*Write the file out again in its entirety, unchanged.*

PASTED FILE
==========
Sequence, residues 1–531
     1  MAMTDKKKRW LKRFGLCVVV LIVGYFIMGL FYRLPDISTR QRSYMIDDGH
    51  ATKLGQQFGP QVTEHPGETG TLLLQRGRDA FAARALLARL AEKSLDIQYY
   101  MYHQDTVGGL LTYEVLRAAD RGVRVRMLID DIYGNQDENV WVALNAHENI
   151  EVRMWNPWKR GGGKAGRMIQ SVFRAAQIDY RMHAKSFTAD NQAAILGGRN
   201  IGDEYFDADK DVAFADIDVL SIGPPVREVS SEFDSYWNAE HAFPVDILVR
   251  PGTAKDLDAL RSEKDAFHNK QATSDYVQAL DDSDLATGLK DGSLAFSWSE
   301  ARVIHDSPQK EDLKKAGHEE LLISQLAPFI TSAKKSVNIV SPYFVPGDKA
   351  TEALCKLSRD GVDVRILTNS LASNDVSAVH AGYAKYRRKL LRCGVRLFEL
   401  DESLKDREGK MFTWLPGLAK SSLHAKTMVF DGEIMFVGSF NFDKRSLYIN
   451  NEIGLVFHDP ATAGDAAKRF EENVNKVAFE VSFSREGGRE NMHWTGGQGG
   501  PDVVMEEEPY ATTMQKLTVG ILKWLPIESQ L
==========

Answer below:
Sequence, residues 1–531
     1  MAMTDKKKRW LKRFGLCVVV LIVGYFIMGL FYRLPDISTR QRSYMIDDGH
    51  ATKLGQQFGP QVTEHPGETG TLLLQRGRDA FAARALLARL AEKSLDIQYY
   101  MYHQDTVGGL LTYEVLRAAD RGVRVRMLID DIYGNQDENV WVALNAHENI
   151  EVRMWNPWKR GGGKAGRMIQ SVFRAAQIDY RMHAKSFTAD NQAAILGGRN
   201  IGDEYFDADK DVAFADIDVL SIGPPVREVS SEFDSYWNAE HAFPVDILVR
   251  PGTAKDLDAL RSEKDAFHNK QATSDYVQAL DDSDLATGLK DGSLAFSWSE
   301  ARVIHDSPQK EDLKKAGHEE LLISQLAPFI TSAKKSVNIV SPYFVPGDKA
   351  TEALCKLSRD GVDVRILTNS LASNDVSAVH AGYAKYRRKL LRCGVRLFEL
   401  DESLKDREGK MFTWLPGLAK SSLHAKTMVF DGEIMFVGSF NFDKRSLYIN
   451  NEIGLVFHDP ATAGDAAKRF EENVNKVAFE VSFSREGGRE NMHWTGGQGG
   501  PDVVMEEEPY ATTMQKLTVG ILKWLPIESQ L